On an unexceptional Tuesday in 2012, Katy Faust finally snapped and could no longer stay silent. Then-president Obama announced the “evolution” in his thinking to support gay marriage and the media immediately branded anyone with contrary concerns as “bigoted.”
She launched an anonymous blog facetiously called “Ask the Bigot.”
Katy’s parents split when she was 10. Her father dated and remarried and her mother partnered with another woman. Being raised with a foot in both of their resulting households gave her a love for the LGBT community but also an understanding of the fallout for children when family breaks down. While she remained connected to her father, some children with lesbian parents were not so fortunate, such as her friend Brandi Walton:
“I yearned for the affection that my friends received from their dads. As far as I was concerned, I already had one mother; I did not need another. My grandfathers and uncles did the best they could when it came to spending time with me and doing all the daddy-daughter stuff, but it was not the same as having a full-time father, and I knew it. It always felt secondhand.”
After being “outed” from her anonymous blog by a gay activist, Katy Faust decided to stand up to cancel culture and co-wrote a book under her own name, Them Before Us: Why We Need a Global Children’s Rights Movement. Kids are getting the short stick in the political football of catering to adults’ whims, it says. (Them meaning “children” before us “adults.”)
The activist who “outed” her from her anonymous blog actually emboldened her to find her voice and speak out unafraid.
In all the hype of “marriage equality” with its mantra that kids only need two supportive parents regardless of their gender, no one is asking kids what they think. Decades of data from sociological research tell us what kids need, but in the rush to embrace “forward thinking,” true social science is being ignored and kids will suffer, Katy says.
Many LBGTQ couples claim they have a right to children and a right to parenthood, even if forming their families violate the right of children to be known and loved by their own mother and father. We’re catering to adults’ desires and forgetting about children’s needs, Faust says.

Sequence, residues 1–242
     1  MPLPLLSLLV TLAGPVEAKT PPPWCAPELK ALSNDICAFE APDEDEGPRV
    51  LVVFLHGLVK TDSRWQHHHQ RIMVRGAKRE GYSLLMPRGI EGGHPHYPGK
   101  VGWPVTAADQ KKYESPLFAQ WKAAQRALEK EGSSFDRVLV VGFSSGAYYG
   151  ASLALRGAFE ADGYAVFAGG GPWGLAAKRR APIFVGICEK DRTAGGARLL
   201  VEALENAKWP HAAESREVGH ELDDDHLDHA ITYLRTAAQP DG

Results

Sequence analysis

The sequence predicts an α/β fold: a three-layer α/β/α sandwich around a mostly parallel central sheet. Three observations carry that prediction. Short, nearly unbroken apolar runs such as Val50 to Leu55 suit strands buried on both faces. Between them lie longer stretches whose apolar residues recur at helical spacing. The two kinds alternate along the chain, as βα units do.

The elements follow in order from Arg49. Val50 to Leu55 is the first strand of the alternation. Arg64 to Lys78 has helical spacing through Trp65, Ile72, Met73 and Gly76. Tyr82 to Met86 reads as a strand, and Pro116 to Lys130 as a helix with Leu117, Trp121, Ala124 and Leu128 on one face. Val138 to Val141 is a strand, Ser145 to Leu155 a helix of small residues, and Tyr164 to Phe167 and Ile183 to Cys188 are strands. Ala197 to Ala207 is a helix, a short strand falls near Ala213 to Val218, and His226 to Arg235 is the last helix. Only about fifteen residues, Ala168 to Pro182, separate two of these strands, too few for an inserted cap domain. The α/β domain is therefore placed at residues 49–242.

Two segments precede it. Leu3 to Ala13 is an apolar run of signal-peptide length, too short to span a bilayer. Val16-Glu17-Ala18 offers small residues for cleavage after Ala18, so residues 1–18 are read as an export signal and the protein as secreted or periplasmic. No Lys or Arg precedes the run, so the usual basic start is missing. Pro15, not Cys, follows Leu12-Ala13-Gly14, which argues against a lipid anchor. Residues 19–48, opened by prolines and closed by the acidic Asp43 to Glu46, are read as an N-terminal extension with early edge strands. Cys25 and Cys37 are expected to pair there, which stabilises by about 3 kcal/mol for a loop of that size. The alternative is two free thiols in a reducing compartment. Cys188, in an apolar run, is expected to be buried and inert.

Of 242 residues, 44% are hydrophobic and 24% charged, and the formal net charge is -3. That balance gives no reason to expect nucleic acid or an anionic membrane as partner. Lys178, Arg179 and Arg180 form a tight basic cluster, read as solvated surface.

As a child of divorced parents, neither of whom were particularly religious, Katy Faust did not grow up in a Christian world.
But then Katy got saved in high school and married a pastor. After working in youth ministry with kids who suffered from mother and father loss, and recording the stories of children of divorce, those with same-sex parents, and children created through reproductive technologies, she realized that:
Gender is not a social construct.
Marriage is a safe space for children and should not be redefined.
Same-sex couples don’t and can’t attend to every need of their kids.
“Whenever you see a picture of a kid with same-sex parents, you’re looking at a picture of a child missing a parent,” Katy writes. “No matter how well-heeled, educated, or exceptional at mothering or fathering the moms or dads may be, they’re incapable of providing the gender-specific parenting and biological identity exclusive to the parent missing from the picture. Read the rest: same-sex parents don’t and can’t give best outcomes to children.
Your family is your special treasure
Rob also just completed “Hell week” for Lighthouse Christian Academy football
When we were missionaries with no money, I tried to take my daughter (now 16) on a Daddy-daughter date. I’m afraid to say it was extremely infrequent, but this was due to lack of finances. My son, Rob, wanted in on the fun. So I said that I would take him on a Daddy-son fun day. I never got around to it. The billfold was extremely tight.
Rob, who plays defense, is streaking to fill the hole. I had a blast watching him play for Santa Monica United club.
Now God has seen fit to bring us to the U.S., and I can at last do these things! I took my son to a soccer tournament with his club, and we spent the day together. Between games, we saw the “Amazing Spiderman.” At the end of the games on both Saturday and Sunday, he pigged out on In-n-Out burgers (in two days, he ate 10 patties!). I told him God was helping us to make up for lost time.
He likes to make funny faces for the camera
Ministry always demands our time, and it appears that God wants us to neglect our families to take care of so many needy sheep. BUT, we don’t want our families to convert in the needy and lost sheep themselves because of our negligence. I thank God He brought me back to the States, and lessened my ministerial burden, so that I can minister to my family.
He will turn the hearts of the fathers to their children, and the hearts of the children to their fathers; or else I will come and strike the land with a curse. — Mal. 4:6 NIV. Find time and money for your kids.
Posted in Financial Talk
Tagged children, commentary, daddy daughter date, daughter, Mal. 4:6, pastor, prodigal son, son, time for kids